The tape begins where Q 1059 (2) leave off, and opens with a recitation of the people Jim Jones has saved through prophecy, and through the works of Peoples Temple. He has turned murderers and drug pushers into decent citizens. He has opened the Redwood Valley and its facilities to let blacks have freedom, to allow older people stay in their own homes rather than being put in some “cold, impersonal” nursing home, and to let young people have the communes they want.

Later, he reminds the congregation that the folks of Peoples Temple are good. The ones that join the Temple stay out of trouble, and those born into the church never get in trouble. “That’s quite a record,” he says. “If I’m so bad, why is it my kids are so darn good?”

With their numbers, Jones adds, they have political power, and they will use it. Even though Redwood Valley used to be a racist town, now when someone gets in trouble, the police call Jim Jones, as happened recently when two black strangers had been picked up. “They’d violated some law, but they hadn’t violated a law significant enough to cause them to risk the wrath of Peoples Temple.” Indeed, in the course of educating the police about race relations and civil rights, Temple members had become friends with the police and other segments of the power structure. The registrar of voters was part of the congregation — and if people weren’t registered, they should be — as were different district attorneys. “If it wasn’t for Jim Jones, his nursing staff, the lawyers, people in the district attorney, people in the welfare, you’d have the shaft every time you turned around. That’s why I want to get you up here.”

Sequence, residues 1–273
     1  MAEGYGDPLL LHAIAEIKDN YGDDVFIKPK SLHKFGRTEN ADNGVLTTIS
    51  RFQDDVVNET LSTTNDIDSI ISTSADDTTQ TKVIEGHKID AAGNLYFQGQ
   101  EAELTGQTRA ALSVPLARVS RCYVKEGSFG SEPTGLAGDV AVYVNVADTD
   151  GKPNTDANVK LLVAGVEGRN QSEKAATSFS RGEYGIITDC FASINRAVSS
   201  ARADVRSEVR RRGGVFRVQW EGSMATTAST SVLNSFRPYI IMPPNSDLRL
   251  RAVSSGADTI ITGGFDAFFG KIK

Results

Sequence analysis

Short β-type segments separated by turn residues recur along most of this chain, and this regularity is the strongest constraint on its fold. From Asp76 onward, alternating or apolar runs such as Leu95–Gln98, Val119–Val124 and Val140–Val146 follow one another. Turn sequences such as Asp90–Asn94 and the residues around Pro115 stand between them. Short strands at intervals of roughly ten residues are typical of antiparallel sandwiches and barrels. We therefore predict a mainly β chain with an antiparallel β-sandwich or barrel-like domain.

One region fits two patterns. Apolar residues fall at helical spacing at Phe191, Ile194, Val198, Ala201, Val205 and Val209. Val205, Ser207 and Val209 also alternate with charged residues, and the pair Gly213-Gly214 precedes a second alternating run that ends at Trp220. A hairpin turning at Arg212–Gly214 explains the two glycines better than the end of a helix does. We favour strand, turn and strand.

In the next breath, he adds the more political message: “You can’t afford to stay away from this valley. It’s this valley that’ll give you safety. It’s this valley that’ll be safe when the apocalypse comes.”